Professor David Levinson is an academic from the University of Sydney’s Faculty of Engineering who specialises in transport engineering and believes a similar move would be achievable if implemented in Australia.
“It is great to see Britain taking the lead on banning new internal combustion engine vehicles, which is essential to reduce pollution and carbon emissions. Electrification of the vehicle fleet is coming, as the technology for electric vehicles (EVs) and batteries steadily improves and costs drop with scale, and policy can accelerate the change," said Professor Levinson.
“It is expected that EVs will be less expensive to buy and operate in the next few years. Unfortunately, Australia has been unwilling to move aggressively on EVs, despite the almost unlimited sunshine providing the opportunity for truly inexpensive renewable power," he said.
“Cleaner vehicles will make cities smell nicer, less noisy, and overall more pleasant to be in.
“One issue that needs more attention is the charging infrastructure. While people with garages at home can install chargers, those living in multi-family housing and parking on-street will need convenient charging locations. As EVs get more widely deployed, cities will need to build more charging facilities, and petrol stations will need to adapt.”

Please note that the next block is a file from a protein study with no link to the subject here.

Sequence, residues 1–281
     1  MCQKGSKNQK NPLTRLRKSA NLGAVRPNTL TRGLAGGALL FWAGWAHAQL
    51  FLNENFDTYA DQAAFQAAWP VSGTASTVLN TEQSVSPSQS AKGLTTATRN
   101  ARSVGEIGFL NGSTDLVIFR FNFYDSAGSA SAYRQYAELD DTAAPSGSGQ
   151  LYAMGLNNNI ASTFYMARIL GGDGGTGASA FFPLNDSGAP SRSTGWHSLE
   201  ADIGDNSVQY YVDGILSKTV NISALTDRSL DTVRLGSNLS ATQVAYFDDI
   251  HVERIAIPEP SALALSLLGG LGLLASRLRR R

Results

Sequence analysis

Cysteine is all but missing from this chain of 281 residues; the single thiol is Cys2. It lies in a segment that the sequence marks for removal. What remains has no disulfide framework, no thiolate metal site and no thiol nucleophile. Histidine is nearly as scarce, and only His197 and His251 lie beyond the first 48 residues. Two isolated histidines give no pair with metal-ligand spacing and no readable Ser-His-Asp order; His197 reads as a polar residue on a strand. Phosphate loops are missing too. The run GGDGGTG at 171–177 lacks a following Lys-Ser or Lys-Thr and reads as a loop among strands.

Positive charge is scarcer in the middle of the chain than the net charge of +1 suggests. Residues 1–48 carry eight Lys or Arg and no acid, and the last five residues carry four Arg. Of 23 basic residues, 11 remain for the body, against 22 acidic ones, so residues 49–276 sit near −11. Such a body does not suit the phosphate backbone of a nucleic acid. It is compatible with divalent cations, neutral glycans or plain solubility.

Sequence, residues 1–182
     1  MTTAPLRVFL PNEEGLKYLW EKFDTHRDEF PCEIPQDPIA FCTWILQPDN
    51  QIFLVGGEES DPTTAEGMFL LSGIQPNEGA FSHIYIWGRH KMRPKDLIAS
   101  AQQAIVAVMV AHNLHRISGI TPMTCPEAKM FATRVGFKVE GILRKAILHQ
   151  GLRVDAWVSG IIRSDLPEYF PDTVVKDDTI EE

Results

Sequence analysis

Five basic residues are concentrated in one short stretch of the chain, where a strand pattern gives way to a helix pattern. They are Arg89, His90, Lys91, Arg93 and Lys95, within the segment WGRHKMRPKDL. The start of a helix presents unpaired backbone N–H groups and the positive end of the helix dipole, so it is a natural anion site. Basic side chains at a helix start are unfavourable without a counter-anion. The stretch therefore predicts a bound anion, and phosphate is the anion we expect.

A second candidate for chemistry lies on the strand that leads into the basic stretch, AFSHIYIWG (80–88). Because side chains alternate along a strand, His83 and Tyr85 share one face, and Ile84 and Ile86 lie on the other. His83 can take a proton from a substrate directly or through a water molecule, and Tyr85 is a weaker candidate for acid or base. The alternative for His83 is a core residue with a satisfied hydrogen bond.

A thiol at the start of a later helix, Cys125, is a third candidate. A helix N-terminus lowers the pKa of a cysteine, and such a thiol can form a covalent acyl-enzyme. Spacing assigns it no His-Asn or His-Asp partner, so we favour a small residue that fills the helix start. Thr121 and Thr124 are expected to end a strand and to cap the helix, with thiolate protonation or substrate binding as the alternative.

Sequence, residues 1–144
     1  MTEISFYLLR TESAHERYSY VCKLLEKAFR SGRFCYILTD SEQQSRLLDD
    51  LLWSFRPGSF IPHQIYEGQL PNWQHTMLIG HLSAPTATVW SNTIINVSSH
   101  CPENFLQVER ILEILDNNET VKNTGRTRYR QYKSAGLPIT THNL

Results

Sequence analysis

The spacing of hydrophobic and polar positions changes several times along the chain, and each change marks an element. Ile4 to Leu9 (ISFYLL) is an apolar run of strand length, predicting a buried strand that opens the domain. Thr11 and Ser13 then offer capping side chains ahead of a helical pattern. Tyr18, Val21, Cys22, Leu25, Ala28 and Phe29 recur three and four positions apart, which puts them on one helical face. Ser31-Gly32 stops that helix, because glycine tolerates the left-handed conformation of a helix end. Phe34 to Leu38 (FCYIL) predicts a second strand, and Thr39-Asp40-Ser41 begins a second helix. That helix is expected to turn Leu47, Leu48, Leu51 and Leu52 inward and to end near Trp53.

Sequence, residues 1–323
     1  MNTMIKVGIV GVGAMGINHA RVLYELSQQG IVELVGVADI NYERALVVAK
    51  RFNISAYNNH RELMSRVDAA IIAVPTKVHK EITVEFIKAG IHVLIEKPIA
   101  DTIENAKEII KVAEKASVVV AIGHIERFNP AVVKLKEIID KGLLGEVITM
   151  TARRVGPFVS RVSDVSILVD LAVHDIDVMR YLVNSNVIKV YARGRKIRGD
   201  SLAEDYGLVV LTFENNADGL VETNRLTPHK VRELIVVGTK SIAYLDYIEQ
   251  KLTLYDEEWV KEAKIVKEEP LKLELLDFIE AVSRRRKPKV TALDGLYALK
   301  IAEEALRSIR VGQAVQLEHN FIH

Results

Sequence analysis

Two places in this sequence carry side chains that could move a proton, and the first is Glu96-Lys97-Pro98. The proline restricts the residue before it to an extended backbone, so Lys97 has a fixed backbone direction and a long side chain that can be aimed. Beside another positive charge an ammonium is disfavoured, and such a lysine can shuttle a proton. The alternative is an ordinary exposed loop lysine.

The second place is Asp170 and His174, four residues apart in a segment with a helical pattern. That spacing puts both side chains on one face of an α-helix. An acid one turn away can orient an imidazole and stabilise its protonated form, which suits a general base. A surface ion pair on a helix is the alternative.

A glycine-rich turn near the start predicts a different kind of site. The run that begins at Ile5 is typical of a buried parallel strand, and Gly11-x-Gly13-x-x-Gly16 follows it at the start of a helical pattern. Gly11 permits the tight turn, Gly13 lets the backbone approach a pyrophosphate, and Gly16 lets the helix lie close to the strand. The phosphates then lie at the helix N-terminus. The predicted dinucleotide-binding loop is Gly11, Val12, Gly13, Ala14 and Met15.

Dr Gareth Bryant is an academic from the University of Sydney’s Department of Political Economy who says that while a petrol car ban is necessary for a zero-carbon economy, governments should invest in other clean, public transport alternatives.
“Banning petrol cars is a necessary step towards a zero-carbon economy. Australia has one of the lowest uptakes of electric cars in the OECD, at less than 1 percent of new sales," said Dr Bryant.
“For electric cars in Australia to make climate sense, we also need to make sure they are powered by renewable energy, not fossil fuels," he said.
“Moves to ban electric cars need to be part of a broader plan to transform the transport sector, which is Australia’s second highest polluter behind energy.
“Governments should invest in genuine alternatives to cars, such as public and active transport (walking and cycling), to ensure that clean transport is accessible to everyone.”
Her recent research modelled how many electric cars can be supported by the current Australian grid.
“We found that the energy grid in Australia could only support a maximum 10 percent penetration of the car market by electric vehicles with an unregulated recharging regime," said Ms Li.
“If Australia was to adopt targets as ambitious as Britain’s on electric vehicles, controlled charging and an expansion of the capacity of the grid would be required.”